• “Resolved, That the diocesan assessment percentage be lowered while making it canonically mandatory (with means for pastoral exception) for each diocese to meet that assessment.”

A diocesan assessment creates a real mandate in terms of budget dollars for our church-wide mission. This particular resolve is the technical fix that rules them all in a church needing adaptive change (as noted in the first 6 pages of the report). I currently serve in this triennium on the Joint Standing Committee on Program, Budget, and Finance (PB&F). I also serve on a diocesan staff that lived through reducing the diocesan asking while adding a canonical provision much like this resolve anticipates. So, I have a good vantage point to see how these two lines could be important.

The Current System

The Episcopal Church currently asks each of its 109 dioceses to give 19% of their respective budgets to fund the church-wide budget. Forty-seven dioceses give at that rate or higher. Thirteen give 15-19%. Twenty-seven give 10-15%. Eight give 5-10%. Eleven give 1-5%. Five dioceses do not give anything at all. The current median is 16%.

For full disclosure, I am the Canon to the Ordinary for the Diocese of Georgia and for the year this information is based on, my diocese gave 13.6%.

The Preliminary Draft Budget
In a bold and helpful move, the Executive Council’s Committee on Finances for Mission (FFM) posted its preliminary draft 2016-2018 triennium budget online for comment (comments may be made here). That draft gives some substance to the two-line TREC proposed resolution above. The current budget draft extends the exemption from $120,000 to $200k, meaning that dioceses are not asked to give on the first $200,000 of income. With that new exemption, nine dioceses would not be asked to contribute to the church-wide budget since their entire budgets are less than this amount.

The new asking anticipated in the preliminary draft budget will move to 18% in 2016, 16.5% in 2017, and 15% in 2018 if that proposal were to pass with no changes. This means that for the coming triennium, the budget would be based on income anticipated from an average asking across the three years of 16.5% while moving the The Episcopal Church toward a 15% asking for the next triennium. Since the income of The Episcopal Church is not limited to income from dioceses, that comprises just under 66% of the total income. For example, of the $111.5 Million budget for 2012-2015, the projected income from diocesan askings is $73.5 Million. Other revenue, including income from investments and rental income from the Church Center in New York, is projected to rise. That means the overall revenue would goes up $4.6 million across the triennium in this budget projection. But this increase in income is more than offset by expanding costs, the largest of which is the rising cost of benefits to our Church Center employees.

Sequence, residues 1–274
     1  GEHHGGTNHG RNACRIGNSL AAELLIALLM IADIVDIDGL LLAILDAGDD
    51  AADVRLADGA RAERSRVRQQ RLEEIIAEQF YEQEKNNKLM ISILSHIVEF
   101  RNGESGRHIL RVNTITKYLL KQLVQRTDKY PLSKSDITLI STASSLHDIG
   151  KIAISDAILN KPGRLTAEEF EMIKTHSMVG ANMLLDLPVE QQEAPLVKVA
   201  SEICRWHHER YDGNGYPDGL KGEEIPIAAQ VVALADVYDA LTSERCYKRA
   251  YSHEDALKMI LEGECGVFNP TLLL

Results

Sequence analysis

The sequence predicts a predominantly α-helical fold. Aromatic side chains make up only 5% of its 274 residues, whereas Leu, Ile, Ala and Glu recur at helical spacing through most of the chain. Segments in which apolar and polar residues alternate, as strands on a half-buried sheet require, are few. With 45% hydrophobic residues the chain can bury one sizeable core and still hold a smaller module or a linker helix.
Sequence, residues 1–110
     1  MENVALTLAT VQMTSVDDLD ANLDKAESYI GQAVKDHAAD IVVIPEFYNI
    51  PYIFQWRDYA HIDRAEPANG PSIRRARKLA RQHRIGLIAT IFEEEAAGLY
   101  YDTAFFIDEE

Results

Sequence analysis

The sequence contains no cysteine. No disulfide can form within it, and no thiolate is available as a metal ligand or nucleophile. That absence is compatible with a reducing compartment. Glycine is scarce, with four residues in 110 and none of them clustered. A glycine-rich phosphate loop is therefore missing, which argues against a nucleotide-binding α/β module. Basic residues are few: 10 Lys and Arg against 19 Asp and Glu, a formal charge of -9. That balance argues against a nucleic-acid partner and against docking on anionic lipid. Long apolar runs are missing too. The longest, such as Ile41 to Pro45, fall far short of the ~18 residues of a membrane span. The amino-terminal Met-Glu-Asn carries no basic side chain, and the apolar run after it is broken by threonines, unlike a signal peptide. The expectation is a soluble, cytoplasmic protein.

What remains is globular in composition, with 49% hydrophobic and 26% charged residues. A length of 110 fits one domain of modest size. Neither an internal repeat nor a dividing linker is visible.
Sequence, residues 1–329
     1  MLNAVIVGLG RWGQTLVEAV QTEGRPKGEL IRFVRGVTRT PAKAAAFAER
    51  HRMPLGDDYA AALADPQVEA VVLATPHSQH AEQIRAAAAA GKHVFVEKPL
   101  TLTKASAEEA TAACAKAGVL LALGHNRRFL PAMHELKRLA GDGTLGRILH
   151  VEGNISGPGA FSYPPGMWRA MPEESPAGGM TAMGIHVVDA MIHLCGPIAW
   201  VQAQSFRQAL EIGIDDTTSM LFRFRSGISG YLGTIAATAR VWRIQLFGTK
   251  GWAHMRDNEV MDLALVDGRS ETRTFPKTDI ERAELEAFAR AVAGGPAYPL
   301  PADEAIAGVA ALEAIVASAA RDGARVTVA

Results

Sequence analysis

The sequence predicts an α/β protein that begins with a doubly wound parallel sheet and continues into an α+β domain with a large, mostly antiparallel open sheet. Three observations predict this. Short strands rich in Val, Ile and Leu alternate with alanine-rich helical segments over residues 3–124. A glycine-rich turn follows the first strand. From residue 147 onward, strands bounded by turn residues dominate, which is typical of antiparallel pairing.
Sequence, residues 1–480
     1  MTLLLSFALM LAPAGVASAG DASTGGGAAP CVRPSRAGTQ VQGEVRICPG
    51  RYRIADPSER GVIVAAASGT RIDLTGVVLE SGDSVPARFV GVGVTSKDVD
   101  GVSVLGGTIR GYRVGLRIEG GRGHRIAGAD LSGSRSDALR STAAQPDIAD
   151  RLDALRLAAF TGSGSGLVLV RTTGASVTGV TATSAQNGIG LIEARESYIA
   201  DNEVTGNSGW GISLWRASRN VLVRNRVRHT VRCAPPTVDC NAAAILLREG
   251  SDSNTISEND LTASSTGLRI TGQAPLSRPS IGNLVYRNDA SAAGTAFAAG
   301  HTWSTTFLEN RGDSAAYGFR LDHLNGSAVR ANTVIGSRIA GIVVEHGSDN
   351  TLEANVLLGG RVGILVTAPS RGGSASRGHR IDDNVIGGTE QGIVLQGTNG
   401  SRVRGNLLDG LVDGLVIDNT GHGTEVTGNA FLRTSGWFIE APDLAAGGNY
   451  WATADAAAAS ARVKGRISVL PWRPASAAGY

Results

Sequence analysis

Whatever you think of the specifics, Clergy Deputy Susan Snook and Bishop Mark Hollingsworth and their committee have done a great service to the church in providing their working document for comment and for having the courage to lower the asking. Given that the budget processes of 2009 and 2012 were problematic.

Note the importance of their revenue projections, for any mandate not funded in the budget is likely to get no follow through. So once we set the asking and so the revenue side of the budget and follow up by setting staffing and the rest of the budget accordingly, ideas that seem vague suddenly get very concrete. At the core is our deciding what we need from the denomination that can’t be more appropriately done at other levels. While this can be done without reference to a budget, the budget numbers will hold more sway than any ideal.